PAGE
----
Rolling through the setting

By: 
Wade Young

Sunday, Oct. 25 was a special day.

After long and careful instruction, Bonnie’s and my son, Mecca, along with 11 others, were confirmed in St. John Lutheran Church.

The “affirmation of baptism” is a big event. It was supposed to be witnessed by a lot of family at the church and at home. However, due to this crappy coronavirus, family groups in church were limited to little more than a half dozen invitees.

No thanks to the dumb virus, we also pared down our family party to just a few members, instead of the clan of more than 40.

Still, neither Bonnie nor I wanted the stupid pandemic to spoil the occasion. We went to work to make it extra special for the confirmand, and, honestly, for ourselves too.

It started with paint.

Those four words are clues at how mental we were to make this exceptional.

I painted the main floor of our house a couple of weeks before the event.

I loathe painting.

I find that a root canal is more enjoyable than painting walls.

I detest edging, using painter’s tape, rolling and re-rolling.

However, the drab color we chose four years ago (think a really light olive/tan/grey combo with a hint of dingy) was not doing it for us. The confirmed is a special young man and his confirmation was the perfect catalyst for a home makeover.

Once the walls dried, I was happy I tortured myself. The walls look great. The new color “seafoam mist” is basically white with a slight hint of grey. Along with fresh outlets, and outlet covers, it was like a fresh, new place!

This celebration of confirmation also called for something else special. We dug out our Belle Empress china by Noritake.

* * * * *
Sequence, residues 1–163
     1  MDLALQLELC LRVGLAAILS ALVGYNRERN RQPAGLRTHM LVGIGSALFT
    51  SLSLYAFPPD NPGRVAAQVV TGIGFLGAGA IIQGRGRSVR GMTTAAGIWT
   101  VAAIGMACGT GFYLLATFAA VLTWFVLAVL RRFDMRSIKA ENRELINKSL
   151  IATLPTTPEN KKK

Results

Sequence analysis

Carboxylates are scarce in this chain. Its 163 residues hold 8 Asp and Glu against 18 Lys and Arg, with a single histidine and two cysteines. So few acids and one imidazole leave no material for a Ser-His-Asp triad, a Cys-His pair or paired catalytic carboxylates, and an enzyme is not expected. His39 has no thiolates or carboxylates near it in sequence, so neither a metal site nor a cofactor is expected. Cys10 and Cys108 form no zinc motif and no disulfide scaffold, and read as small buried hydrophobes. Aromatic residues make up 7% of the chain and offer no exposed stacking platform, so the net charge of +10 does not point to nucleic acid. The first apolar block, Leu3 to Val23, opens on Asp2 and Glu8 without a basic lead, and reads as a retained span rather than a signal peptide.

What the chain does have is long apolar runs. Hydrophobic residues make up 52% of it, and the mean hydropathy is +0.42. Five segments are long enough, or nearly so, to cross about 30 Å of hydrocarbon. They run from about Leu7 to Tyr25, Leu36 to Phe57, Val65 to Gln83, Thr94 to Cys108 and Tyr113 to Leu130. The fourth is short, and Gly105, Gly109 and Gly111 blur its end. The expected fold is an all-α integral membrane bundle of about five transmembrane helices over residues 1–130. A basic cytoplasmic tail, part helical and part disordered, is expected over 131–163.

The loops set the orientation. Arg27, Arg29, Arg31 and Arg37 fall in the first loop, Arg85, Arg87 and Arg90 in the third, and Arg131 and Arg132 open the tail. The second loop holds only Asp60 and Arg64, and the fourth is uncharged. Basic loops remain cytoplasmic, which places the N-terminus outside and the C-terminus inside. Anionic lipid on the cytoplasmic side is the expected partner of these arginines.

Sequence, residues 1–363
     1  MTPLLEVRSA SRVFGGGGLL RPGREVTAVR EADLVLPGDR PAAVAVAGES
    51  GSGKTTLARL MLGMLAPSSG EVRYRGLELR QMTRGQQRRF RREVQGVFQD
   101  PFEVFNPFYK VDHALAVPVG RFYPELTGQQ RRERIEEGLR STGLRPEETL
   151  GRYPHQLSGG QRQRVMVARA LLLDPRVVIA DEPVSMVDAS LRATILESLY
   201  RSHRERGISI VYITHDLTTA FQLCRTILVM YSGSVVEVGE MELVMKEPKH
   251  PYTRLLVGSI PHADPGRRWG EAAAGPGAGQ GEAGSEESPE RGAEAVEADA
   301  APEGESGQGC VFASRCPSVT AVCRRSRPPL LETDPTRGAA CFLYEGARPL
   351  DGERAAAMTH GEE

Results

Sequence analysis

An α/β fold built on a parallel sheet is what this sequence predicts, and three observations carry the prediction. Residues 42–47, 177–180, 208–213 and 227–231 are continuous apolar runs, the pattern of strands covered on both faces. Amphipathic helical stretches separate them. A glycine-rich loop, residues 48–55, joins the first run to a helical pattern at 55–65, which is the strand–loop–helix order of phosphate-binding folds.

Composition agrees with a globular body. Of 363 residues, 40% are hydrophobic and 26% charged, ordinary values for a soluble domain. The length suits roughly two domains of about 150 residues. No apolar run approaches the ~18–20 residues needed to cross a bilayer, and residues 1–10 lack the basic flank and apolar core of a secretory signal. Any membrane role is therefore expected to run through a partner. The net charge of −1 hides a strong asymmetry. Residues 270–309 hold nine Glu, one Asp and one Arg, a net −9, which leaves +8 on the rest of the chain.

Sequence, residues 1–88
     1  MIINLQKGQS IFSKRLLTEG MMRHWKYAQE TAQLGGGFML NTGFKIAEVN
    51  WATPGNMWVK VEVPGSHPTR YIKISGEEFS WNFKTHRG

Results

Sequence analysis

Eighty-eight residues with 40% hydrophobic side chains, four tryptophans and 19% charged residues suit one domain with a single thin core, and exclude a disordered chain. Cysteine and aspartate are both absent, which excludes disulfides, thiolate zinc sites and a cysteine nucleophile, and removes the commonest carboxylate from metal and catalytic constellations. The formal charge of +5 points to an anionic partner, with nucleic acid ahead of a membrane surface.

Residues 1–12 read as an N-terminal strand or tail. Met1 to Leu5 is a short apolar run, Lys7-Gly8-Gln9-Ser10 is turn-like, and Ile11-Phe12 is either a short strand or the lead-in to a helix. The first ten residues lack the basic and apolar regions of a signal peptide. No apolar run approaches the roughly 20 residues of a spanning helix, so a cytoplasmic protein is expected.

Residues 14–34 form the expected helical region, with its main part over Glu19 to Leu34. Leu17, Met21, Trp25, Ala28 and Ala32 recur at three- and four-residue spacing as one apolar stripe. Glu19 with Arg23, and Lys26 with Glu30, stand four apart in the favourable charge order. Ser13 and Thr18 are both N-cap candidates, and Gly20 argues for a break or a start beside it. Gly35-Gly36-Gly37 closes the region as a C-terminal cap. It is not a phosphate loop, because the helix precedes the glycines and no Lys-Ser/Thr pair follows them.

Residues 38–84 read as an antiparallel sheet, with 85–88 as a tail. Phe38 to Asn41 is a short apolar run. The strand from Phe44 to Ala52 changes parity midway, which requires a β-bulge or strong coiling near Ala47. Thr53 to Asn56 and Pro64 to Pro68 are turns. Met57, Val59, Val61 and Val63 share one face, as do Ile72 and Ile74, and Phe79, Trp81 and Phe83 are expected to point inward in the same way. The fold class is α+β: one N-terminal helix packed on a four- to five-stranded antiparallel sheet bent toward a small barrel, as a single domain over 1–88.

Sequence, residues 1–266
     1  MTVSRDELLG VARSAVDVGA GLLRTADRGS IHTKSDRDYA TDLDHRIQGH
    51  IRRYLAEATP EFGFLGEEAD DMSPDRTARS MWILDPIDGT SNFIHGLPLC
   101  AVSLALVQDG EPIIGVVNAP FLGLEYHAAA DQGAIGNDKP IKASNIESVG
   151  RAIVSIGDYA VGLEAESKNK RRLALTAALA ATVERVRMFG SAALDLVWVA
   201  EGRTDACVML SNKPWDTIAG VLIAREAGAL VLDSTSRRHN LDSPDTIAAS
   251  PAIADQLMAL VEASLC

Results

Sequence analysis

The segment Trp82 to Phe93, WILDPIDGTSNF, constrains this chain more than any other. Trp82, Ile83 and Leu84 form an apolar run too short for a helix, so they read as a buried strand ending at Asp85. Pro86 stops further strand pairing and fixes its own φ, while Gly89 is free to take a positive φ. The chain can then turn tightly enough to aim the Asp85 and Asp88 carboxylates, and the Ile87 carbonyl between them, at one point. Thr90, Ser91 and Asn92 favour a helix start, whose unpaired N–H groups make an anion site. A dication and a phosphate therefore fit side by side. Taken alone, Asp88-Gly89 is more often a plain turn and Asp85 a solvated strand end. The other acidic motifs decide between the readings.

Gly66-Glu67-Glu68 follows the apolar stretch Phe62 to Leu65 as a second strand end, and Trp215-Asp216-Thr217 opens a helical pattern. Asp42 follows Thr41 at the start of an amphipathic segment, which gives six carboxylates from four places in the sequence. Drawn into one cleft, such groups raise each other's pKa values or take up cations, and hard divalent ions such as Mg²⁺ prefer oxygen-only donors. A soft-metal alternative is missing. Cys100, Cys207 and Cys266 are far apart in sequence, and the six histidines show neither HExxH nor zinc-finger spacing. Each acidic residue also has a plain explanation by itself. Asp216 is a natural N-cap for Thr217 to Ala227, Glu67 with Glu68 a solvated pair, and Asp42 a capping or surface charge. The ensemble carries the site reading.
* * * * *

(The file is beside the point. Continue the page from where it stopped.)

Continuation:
We unboxed the silver cutlery, which sparkled like new, because it basically is new.

We dusted off the gold-rimmed Jamestown wine glasses by Mikasa.

We bought fresh table linens.

As Bonnie and I placed the items on the table two days before the event (we are learning to get ready well ahead of time), we savored the moment. We stood back and looked at the table together.

Against the backdrop of newly-painted walls, it was marvelous.

By itself, the table was glorious.

After coming home from play practice, the scene even impressed my 15-year-old.

With wide eyes and a slight smile that was kind of embarrassed we had done so much for his occasion (and, to be honest, all of us once it was over), he said, “Wow! That’s awesome!”

I will admit: setting the table was the fun part - way more than painting the walls. I found the power from the sparkling china even elevated my months-long-COVID-induced sour mood.

It was nice to see something fun during this time of the coronavirus, awful hybrid school schedules, face masks, and election ads.

The icing on the proverbial cake was honoring Mecca. He is growing into such a great, young man.

The day of confirmation went well. Even with fewer people at church, it was still special. The kids did a great job. You could tell everyone was proud of the work they had done to get to that point in their religious education.

Later that day, with the few family members seated at the table, I looked at the scene celebrating the event. Under the dark cloud of the coronavirus, I watched family members talk through face masks at our beautiful table.

I loved the joy, conviviality, and the swell of emotions that emerged.

There was something special about sitting together, talking, laughing, and sharing thoughts, even though my hands still ached from that darn paint brush and roller.

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